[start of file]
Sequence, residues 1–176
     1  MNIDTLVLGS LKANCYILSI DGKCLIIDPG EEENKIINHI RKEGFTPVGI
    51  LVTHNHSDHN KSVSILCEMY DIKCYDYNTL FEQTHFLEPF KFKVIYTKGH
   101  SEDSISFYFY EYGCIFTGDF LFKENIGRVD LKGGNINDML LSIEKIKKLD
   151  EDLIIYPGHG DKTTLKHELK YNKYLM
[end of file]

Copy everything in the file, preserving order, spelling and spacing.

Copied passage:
Sequence, residues 1–176
     1  MNIDTLVLGS LKANCYILSI DGKCLIIDPG EEENKIINHI RKEGFTPVGI
    51  LVTHNHSDHN KSVSILCEMY DIKCYDYNTL FEQTHFLEPF KFKVIYTKGH
   101  SEDSISFYFY EYGCIFTGDF LFKENIGRVD LKGGNINDML LSIEKIKKLD
   151  EDLIIYPGHG DKTTLKHELK YNKYLM